The concept of how old is old has been changing, and whereas in our grandparents’ day they may have considered themselves old at fifty, these days fifty (except to teenagers) is still young. I see more and more women in their fifties, sixties, seventies, even eighties and nineties who want to take every step possible to maintain their hair. My mother, who died just four months short of her 100th birthday, insisted on me looking at her hair and supplying her with preparations well into her nineties.
And why not? The way your hair looks affects your morale at any age. With age it becomes more difficult but certainly not impossible.
There are many things we can do as we get older to keep looking and feeling younger. We exercise, eat healthily, use skin moisturizers, color our hair – and as it loses ‘body’, have perms and use more bodyfying products. It is unfortunately inevitable that our hair gradually loses body. Very slowly, similar to our skin changes and muscle tone, the hairs’ diameters diminish. This does not mean that we have less hairs in number, just that each hair gradually begins to take up less space – thumb hairs, for example, become finger hairs – 100 thumbs take up more space, look and feel more than 100 fingers.
The degree of these changes depends pardy on genetics but also on hormones – oestrogen production is less. All change with aging, and none of us have the skin or body at sixty-five that we had at twenty-five. And just as we take extra care of our skin as we get older, we need to take extra care of our hair. And whatever your age, your hair can still look wonderful – if you do the right things.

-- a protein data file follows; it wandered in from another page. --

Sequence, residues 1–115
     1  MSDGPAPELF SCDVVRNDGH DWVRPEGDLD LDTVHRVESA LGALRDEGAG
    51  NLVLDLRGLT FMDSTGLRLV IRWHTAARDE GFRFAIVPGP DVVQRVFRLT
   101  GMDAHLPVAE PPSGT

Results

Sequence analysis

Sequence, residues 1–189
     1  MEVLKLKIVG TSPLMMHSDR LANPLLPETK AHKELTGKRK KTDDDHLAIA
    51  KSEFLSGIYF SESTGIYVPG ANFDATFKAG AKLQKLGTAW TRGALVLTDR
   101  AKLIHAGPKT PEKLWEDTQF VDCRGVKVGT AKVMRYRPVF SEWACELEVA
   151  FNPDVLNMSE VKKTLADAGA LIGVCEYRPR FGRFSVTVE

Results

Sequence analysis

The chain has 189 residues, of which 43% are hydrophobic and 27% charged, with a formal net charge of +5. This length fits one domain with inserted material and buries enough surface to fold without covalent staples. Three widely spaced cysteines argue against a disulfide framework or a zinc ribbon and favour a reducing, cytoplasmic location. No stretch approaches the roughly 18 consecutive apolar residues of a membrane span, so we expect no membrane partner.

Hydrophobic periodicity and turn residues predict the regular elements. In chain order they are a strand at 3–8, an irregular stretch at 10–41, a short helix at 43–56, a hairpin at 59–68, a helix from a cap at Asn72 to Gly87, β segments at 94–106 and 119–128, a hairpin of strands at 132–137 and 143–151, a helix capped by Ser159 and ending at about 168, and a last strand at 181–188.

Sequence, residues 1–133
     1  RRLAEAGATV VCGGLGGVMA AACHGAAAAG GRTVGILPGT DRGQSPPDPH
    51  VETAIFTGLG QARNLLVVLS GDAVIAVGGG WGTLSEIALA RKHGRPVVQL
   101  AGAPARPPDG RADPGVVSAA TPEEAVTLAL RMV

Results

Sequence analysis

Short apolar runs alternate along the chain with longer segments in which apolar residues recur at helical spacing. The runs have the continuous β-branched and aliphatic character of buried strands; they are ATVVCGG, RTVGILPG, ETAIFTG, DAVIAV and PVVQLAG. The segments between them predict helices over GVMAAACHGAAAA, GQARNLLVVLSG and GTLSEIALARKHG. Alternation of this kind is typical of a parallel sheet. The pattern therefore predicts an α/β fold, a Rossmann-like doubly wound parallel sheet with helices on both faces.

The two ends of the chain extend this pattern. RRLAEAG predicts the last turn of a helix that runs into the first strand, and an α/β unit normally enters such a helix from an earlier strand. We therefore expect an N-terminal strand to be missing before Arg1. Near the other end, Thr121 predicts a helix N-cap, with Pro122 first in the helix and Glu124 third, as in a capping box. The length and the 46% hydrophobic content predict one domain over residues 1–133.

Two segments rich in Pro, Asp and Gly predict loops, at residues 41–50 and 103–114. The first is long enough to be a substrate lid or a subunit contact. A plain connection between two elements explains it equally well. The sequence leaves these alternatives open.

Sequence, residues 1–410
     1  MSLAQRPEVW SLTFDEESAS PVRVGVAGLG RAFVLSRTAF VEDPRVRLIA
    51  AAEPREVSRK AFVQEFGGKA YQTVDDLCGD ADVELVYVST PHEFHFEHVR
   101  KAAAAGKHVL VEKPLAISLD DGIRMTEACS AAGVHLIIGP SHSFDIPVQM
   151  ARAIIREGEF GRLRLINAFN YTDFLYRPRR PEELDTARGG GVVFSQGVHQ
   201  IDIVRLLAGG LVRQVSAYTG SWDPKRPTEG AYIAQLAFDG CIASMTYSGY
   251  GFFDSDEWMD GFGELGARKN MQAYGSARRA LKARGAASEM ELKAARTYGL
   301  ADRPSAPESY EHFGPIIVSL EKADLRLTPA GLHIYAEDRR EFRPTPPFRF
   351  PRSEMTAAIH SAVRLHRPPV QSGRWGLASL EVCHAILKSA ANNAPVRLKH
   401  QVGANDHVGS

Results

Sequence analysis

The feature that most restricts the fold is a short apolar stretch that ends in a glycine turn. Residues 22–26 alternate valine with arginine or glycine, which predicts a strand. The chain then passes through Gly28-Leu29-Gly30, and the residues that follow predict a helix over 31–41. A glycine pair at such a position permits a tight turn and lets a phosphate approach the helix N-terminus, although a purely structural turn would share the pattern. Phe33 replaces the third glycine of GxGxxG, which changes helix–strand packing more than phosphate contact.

The most important of these is frequent shampooing and conditioning – hair looks its best when freshly washed, and the scalp gets exercise as it is being washed. Daily is best, but if this is not possible, as frequently as you can manage – at least twice a week, though.
Each morning knead your scalp for half a minute: place your spread fingertips and thumbs over your scalp and gently move the scalp over the skull. Massage such as this should not be underestimated. Once a week or twice a month apply a scalp masque and a hair masque. Many are available in good pharmacies or salons. These should be massaged into the scalp and hair for about ten minutes prior to shampooing. If you want to make your own combined scalp and hair mask, whip together:
2 half eggshells full of witch hazel
Half an eggshell of vodka
Apply the mixture liberally to the scalp and all through the hairs’ length. Massage gently and thoroughly for ten minutes and wash off with your regular shampoo and conditioner. Although this is quite effective, specific separate scalp and hair masks may give an even better result.
By all means color or perm whenever you wish. Each of these swells the hair shaft and makes it feel and look thicker – and neither will make the hair fall out or make it thin. They may make it a little dry, but this can easily be counteracted by conditioning. Don’t stint on using styling aids to add to your hair’s bulk and condition. The choice of body builders, hair controllers, smoothers, shiners and conditioners have never been better. Again, none of these will make your hair fall out, and the cosmetic effect they give will add to your hair’s appearance and your morale. Don’t forget to eat correctly and remember that your hair is protein, so some protein everyday, particularly at breakfast and lunch, is important. Also, in older age the values of haemoglobin can be reduced, making the eating of red meat, for example, important as well. The hair aging factor, I repeat, is to a degree inevitable, but with care you can slow it down a lot and have your hair look better than you think.